Advocates are urging state lawmakers to hold manufacturers of so-called “forever chemicals” accountable.
Last week, the state announced that high amounts of chemicals known as PFAS were detected in milk from a central Maine dairy farm. It’s the second farm in the state known to have excessive contamination from PFAS, which have been widely used in consumer products. A proposed bill before the Legislature’s Judiciary committee would give Mainers harmed by the chemicals more legal recourse.
The milk from the central Maine dairy farm had PFAS levels well above the allowable threshold. In an online press conference, Patrick MacRoy, deputy director of the Environmental Health Strategy Center, says they were 70 times the limit.
“These numbers are quite literally off the charts,” he says.
The farm where the contaminated milk came from has not been identified. But the Maine Department of Agriculture says in a news release that the farm is no longer producing milk. It has also had to suspend beef sales until those products can be tested.
As the state investigates the source of the PFAS contamination, MacRoy says there’s a likely culprit: treated wastewater sludge. For years, farms across the state have spread this sludge as fertilizer. But a few years ago, another farm in Arundel also had to stop producing milk because it was tainted with PFAS. The source was the sludge.
MacRoy says even though certain PFAS chemicals haven’t been manufactured in the U.S. for decades, they accumulate in the environment over time.
“It’s incredibly unlikely that this was a recent contamination that caused the spike. Chances are this is a historic pollution that is occurring at this farm that we are just now picking up,” he says.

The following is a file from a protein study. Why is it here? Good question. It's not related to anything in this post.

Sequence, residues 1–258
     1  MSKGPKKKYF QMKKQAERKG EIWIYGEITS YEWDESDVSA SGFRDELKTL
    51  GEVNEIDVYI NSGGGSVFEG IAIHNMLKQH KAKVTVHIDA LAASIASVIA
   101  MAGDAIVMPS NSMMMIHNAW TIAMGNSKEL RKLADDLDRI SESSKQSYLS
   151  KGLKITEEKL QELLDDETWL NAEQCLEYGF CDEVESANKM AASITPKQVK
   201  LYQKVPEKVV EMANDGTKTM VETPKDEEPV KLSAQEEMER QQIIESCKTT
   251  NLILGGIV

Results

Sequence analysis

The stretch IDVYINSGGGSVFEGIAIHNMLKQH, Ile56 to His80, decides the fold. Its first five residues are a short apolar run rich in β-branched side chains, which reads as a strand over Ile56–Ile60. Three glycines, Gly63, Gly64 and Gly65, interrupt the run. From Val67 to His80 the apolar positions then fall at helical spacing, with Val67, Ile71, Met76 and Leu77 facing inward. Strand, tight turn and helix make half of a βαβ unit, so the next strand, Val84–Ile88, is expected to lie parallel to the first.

But the ability of farmers and others to seek legal recourse is limited, says state Democratic state Rep. Henry Ingwersen. Under current law, they have to file a lawsuit within six years of when the pollution occurs. Ingwersen has submitted a bill that would change the requirement to within six years of when the pollution is discovered.
“PFAS contamination due to land spreading, landfill leachate, firefighting foam may have occurred for years and decades before any affected individual became aware of the contamination, and even aware of the harm or even the existence of these PFAS chemicals,” he says.
PFAS is a family of synthetic chemicals that have been used in consumer products ranging from nonstick cookware and takeout food containers to carpeting. Though certain PFAS can’t be manufactured in the US, they can be produced internationally.
The U.S. Environmental Protection Agency says that PFAS persist in the environment and in the body. Dr. Lani Graham, a family physician and former director of the Maine Center for Disease Control, says they can affect the immune system and have been linked to other health problems, including cancer.
“Against this backdrop, we must acknowledge that the extent of PFAS contamination in Maine remains largely unknown,” she says.
Graham, who is also a member of Gov, Janet Mills’ PFAS Task Force, says that’s why a majority of the task force’s members support changing state law.
The Judiciary Committee is holding a public hearing on the bill Tuesday. Supporters say 37 other states have similar laws.